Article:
Pointed-leaved Crassula, Red Treasure, Heuningbossie, Rooiplakkie
Ruby red; summer autumn
sun; rockery; container; dry soils; roof gardens; sandy soils; wildlife butterflies butterfly host
rocky places; hot dry; coastal eastern cape; coastal kzn; grassland
thicket; bushveld savanna; highveld; subtropical east coast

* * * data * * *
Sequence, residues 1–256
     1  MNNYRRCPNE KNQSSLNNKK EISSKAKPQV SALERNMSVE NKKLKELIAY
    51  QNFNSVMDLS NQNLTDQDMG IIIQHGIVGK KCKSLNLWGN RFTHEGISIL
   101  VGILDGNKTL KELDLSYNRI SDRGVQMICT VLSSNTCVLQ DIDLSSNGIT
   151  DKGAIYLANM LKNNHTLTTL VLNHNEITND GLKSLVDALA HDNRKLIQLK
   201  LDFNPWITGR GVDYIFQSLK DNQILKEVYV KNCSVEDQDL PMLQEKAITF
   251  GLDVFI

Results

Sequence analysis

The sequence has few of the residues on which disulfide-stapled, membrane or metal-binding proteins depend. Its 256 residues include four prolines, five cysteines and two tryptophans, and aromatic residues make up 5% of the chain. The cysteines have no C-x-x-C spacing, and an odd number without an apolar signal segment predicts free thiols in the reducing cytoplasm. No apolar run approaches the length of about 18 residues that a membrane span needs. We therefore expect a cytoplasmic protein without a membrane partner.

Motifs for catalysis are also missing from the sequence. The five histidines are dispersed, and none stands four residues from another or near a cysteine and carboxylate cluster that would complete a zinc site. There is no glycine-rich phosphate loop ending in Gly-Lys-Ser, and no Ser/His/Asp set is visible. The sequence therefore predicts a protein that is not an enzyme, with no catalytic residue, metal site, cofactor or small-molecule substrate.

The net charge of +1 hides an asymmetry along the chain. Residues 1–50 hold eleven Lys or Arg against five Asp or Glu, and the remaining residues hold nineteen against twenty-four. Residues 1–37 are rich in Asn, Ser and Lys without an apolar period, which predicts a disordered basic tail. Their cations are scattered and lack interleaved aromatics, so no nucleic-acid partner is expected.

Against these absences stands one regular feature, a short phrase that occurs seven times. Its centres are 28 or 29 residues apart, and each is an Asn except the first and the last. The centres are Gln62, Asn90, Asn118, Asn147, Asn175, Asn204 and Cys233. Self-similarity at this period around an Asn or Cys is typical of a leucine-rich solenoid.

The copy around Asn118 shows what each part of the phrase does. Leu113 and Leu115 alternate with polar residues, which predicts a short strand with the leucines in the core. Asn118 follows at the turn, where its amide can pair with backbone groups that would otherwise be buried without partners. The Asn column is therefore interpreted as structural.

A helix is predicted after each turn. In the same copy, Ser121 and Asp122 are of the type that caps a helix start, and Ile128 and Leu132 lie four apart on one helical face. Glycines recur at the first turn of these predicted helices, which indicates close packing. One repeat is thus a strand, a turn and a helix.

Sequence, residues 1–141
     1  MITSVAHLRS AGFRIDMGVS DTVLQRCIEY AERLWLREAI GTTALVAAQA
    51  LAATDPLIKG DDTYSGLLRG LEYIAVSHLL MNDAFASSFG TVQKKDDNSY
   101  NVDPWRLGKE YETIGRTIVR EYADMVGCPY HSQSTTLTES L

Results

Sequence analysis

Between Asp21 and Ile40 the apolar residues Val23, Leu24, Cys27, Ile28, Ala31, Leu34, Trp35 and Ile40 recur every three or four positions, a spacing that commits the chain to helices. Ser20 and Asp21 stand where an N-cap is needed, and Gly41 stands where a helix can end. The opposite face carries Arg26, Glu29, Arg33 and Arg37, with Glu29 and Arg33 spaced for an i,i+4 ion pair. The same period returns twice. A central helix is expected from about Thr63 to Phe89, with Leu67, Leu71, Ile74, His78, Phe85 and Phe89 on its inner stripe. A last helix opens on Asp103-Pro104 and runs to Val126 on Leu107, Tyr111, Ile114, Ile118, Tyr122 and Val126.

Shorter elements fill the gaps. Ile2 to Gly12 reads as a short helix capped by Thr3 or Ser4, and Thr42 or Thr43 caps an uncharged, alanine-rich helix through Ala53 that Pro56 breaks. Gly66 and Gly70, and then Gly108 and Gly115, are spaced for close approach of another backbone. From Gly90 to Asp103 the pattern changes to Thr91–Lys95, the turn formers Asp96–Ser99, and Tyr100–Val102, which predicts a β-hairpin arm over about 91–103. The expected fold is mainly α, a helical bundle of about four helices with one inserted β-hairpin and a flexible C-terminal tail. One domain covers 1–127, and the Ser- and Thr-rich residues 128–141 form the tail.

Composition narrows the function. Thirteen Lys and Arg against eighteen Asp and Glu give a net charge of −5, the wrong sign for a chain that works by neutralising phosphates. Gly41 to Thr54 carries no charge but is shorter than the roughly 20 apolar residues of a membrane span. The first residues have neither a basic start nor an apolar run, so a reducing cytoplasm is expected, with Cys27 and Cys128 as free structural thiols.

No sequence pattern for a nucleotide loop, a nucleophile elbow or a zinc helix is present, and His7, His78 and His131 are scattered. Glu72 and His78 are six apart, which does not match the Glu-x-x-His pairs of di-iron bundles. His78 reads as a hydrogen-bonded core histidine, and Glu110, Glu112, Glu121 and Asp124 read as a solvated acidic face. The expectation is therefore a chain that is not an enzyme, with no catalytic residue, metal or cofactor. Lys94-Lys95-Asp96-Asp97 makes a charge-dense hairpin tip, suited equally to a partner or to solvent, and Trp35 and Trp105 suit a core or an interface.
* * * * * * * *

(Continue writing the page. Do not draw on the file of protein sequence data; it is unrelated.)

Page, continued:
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A small erect growing succulent, with a mature size of only 40 cm, Crassula perfoliata is an unusual species that brings great form and interest to the front of a garden bed. The original Crassual perfoliata was named by Carl Linnaeus, considered the father of taxonomy, as far back as 1753, and there are now 4 known varieties. C. perfoliata has leaves that are a grey-green, long and curving slightly upwards flat above and curved below, with the tip ending in a sharp to roundish point. In a dry winter the tips can be tinged with shades of red and russet or the entire leaf can be a most attractive mottled grey/red. The colours are very similar to the leaves of a winter coloured Kalanchoe thrysiflora. A winter flowerer (May – October), the fairly large flowering heads are flat-topped and round in shape, in shades of white to off-white. They open on the tops of long succulent and quite fat stalks which are a pink-grey shade. Close-up, touches of red can be seen inside the petals. Size: height – 40cm; leaves are 40-120 x 12 – 35 mm long; Flowers 6 - 12 mm in diameter. The natural habitat: this variety can be seen along the escarpment and down the slopes, in river valleys and rocky grasslands. It tends to prefer ledges/rocky areas where ever it grows, so will look quite natural in a rockery, or around rocks in a garden bed and on sloping ground. In the garden: Mixed with the bright green leaves of Crassula alba, the grey/green leaves will contrast well, and will continue the flowering phase once the Red Crassula dies down. The Red Treasure is a good choice for water-wise landscaping: enhance the subtle colouring and strong form with the low mounds of Dimorphotheca species, in bright hues of purple and yellow. They would look equally attractive mixed with the orange, reds and yellows of the winter flowering Gazania krebsiana. Unlike its sister forms, Crassula alba and C. capitella, whose leaves die down and sprout afresh in spring, these tough, more leathery looking leaves remain year long.